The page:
New Parts of the Brain Become Active After Students Learn Physics
Summary: A neuroimaging study reveals brain areas not commonly associated with science learning become active when people complete physics problems.
Source: Drexel University.
Parts of the brain not traditionally associated with learning science become active when people are confronted with solving physics problems, a new study shows.
The researchers, led by Eric Brewe, PhD, an associate professor in Drexel University’s College of Arts and Sciences, say this shows that the brain’s activity can be modified by different forms of instruction.
Using fMRI (functional magnetic resonance imaging) to measure blood flow in the brain, the researchers looked to map what areas become active when completing a physics reasoning task, both before a course on the concepts and after.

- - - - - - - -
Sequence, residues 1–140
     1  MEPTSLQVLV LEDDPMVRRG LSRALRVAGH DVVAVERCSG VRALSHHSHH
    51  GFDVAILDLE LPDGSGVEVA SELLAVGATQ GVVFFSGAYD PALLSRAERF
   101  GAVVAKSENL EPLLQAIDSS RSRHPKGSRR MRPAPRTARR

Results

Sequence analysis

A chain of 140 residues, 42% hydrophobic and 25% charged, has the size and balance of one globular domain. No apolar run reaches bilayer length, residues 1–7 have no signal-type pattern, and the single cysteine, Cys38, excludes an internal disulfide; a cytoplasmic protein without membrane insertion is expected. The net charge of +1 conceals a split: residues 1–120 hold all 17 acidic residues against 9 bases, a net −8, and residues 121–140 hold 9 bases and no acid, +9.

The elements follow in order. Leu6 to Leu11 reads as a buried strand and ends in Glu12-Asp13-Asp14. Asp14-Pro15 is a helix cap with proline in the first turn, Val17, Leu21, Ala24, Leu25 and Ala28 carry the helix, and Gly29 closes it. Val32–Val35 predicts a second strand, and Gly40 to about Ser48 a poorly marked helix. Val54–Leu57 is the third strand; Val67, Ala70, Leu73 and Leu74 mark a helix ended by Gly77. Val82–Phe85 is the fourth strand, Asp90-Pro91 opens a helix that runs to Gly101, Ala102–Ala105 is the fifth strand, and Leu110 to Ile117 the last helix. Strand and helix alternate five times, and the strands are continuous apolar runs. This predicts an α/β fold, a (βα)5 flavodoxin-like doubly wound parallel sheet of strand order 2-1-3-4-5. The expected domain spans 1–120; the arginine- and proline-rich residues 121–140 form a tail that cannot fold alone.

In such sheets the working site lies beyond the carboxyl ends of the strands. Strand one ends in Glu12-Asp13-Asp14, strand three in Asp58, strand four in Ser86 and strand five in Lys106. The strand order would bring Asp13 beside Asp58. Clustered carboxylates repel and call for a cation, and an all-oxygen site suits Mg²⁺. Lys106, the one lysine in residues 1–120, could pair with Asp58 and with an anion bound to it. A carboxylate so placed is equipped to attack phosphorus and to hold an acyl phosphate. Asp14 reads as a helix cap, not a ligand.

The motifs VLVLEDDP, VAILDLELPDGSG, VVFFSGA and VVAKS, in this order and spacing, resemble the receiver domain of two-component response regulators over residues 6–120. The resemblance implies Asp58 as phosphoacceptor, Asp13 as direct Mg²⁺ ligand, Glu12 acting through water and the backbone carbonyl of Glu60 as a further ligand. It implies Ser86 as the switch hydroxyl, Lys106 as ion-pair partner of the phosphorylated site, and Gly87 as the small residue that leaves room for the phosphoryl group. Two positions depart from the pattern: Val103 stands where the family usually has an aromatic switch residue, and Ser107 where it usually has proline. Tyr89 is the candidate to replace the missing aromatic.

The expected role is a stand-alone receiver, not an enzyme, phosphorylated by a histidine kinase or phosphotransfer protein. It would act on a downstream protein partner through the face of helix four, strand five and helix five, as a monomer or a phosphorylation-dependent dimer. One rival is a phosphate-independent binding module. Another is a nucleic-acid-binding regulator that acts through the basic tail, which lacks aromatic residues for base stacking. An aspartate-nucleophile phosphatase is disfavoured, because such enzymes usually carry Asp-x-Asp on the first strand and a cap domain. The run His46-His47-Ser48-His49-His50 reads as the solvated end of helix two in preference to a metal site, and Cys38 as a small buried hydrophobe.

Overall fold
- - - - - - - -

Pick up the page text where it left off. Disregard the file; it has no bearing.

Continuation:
“The neurobiological processes that underpin learning are complex and not always directly connected to what we think it means to learn,” Brewe said of the findings, which were published in Frontiers in ICT.